There's been a lot of talk about how a financial apocalypse is just around the corner -- or already here. At the same time, value investors are saying that the market's amazingly cheap right now.

Confronted with these two opinions, it's hard to know what to do. On one hand, during an apocalypse, you'd be better off buying guns and canned food than stocks. On the other hand, you should buy when blood is in the streets, and apocalypses have a reputation for rivers of blood.

So what's an investor to do?

This apocalypse is brought to you by debt
The argument that we're facing an apocalypse is persuasive. This debt crisis is coming when America is least prepared for it. Consumer debt to disposable income has increased dramatically over the years, rising from 69% in 1980 to 128% in 2007. We've been spending 14.3% of our disposable income just servicing this debt -- a number that's close to the highest ever, despite interest rates near 40-year lows.

What's more, the housing bust, which brought on the credit crunch, doesn't seem to be getting any better. For the first time ever, homeowners' mortgage debt exceeds their equity -- and according to Moody's, more than 10% of mortgage holders had zero or negative equity at the end of March.

As house prices fall, these numbers will look even worse, and there's no sign that the free fall is slowing. The Case-Schiller housing index recently posted its biggest decline ever, falling 10.7% year over year in January.

A bear's picnic
What's more, falling real estate prices make it difficult to find a bottom in asset-backed securities (ABS). After all, the further house prices drop, the more people will be underwater on their mortgages, the greater the likelihood of them defaulting, and the less foreclosed houses will be worth.

Not only will banks have to keep writing down their ABS assets, they'll be reluctant to lend if they can't immediately sell the loans. Consumer credit -- already shrinking because it's harder to borrow against dwindling home equity -- could become even harder to obtain.

This crunch could affect all sorts of companies. If consumers are having trouble paying their mortgages, will they still buy gadgets from Apple (Nasdaq: AAPL)? iPhones are cool, but they cost at least $200 (plus monthly service) and they certainly aren't a necessity.

Similarly, if people are watching their budgets, will they be upgrading to new computers or sticking to older models for at least another year? That delayed (or even canceled spending) could hurt Hewlett-Packard (NYSE: HPQ), Intel (Nasdaq: INTC), Microsoft (NYSE: MSFT), and even obscure companies all the way down the supply chain.

How many cars will General Motors (NYSE: GM) sell if potential buyers can't get financing? Even the recession-resistant education sector may be affected. Apollo Group (Nasdaq: APOL) has already warned that more student loan applications are rejected by lenders now.

A 17-year low
And in the middle of all of this gloom and doom, the stock market just might be cheaper now than it has been in nearly 20 years.

The S&P 500 is trading at 13.7 times estimated forward operating earnings. That's very inexpensive -- less than half the 28.4 multiple it traded at in December 1999, immediately before the dot-com crash.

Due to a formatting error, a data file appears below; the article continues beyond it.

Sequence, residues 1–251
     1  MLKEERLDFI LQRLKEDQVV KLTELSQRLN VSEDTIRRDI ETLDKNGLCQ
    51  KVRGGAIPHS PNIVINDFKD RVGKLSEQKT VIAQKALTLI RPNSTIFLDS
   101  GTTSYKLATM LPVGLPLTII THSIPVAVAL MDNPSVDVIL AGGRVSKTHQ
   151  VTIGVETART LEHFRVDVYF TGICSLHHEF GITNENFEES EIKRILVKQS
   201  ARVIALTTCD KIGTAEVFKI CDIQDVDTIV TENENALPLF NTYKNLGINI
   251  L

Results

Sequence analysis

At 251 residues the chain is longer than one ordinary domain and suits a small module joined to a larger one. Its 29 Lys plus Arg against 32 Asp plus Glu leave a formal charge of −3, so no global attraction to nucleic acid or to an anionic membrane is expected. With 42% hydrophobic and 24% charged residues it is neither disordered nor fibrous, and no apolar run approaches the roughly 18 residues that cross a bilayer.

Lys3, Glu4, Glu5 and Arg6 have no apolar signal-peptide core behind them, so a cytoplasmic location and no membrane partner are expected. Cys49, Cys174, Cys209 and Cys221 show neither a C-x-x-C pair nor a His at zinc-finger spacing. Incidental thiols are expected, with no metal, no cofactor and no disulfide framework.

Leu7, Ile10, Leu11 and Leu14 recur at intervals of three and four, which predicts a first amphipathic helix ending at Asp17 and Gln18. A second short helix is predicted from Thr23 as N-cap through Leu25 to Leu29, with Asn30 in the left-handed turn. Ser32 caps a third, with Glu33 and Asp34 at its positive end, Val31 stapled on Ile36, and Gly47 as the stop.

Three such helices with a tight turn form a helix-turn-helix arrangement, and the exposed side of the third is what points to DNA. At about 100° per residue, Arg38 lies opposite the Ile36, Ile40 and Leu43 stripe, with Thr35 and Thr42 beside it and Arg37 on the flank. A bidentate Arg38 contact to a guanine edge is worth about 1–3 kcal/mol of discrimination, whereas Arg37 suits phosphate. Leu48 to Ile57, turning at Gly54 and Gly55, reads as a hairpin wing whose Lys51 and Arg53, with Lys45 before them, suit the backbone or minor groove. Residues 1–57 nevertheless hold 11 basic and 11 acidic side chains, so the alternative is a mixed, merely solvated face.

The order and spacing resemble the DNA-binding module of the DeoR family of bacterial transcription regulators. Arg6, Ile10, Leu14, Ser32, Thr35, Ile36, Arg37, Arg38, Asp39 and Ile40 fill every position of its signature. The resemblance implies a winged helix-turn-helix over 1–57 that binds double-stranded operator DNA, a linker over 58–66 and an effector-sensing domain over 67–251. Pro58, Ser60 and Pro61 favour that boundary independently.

In fact, the last time the market was this cheap was, coincidentally, in 1990 -- during the last big credit blow-up, the savings and loan crisis. The subsequent returns were excellent. A $1,000 investment in the S&P 500 in December 1990 grew to $4,535 by the end of the century, an 18.3% compound annual return.

America 's a survivor
That's not to say that the stock market will duplicate those returns over the next nine years. Accurately predicting the stock market is next to impossible, after all -- and earnings estimates for 2008 could still be optimistic, meaning that the earnings multiple may end up higher than projections.

But it's never been wise to bet against America, and right now, the entire country is focused on pulling us out of this mess. The Fed is flooding the economy with liquidity and implementing novel solutions to deal with this crisis. Interest rates are falling. Our dollar is low, boosting our manufacturing and exports. Employment is slowing, but still strong.

The market will be volatile over the short term, but over the long term, America's success story is likely to continue. It's unclear whether the market will turn tomorrow or a year from now, but when the market is this cheap, it doesn't necessarily matter.

The Foolish bottom line
Instead of trying to predict the market, focus on individual stocks. The great thing about the market's low 13.7 forward multiple is that it's just an average. Some stocks are trading below even that level, and that's where the opportunity lies. If you can find excellent businesses trading even cheaper than an already-cheap market, your potential upside is huge.

These exceptional opportunities are out there right now -- our Motley Fool Inside Value team has found stocks trading at prices less than half of their fair value. You can read about them with a 30-day free trial.

Fool contributor Richard Gibbons finds it entertaining exactly how wrong Alan Greenspan was in this speech. Gibbons does not have a position in any of the stocks discussed in this article. Intel, Moody's, and Microsoft are Inside Value picks. Moody's and Apple are Stock Advisor recommendations. The Fool's disclosure policy is up for a Pulitzer.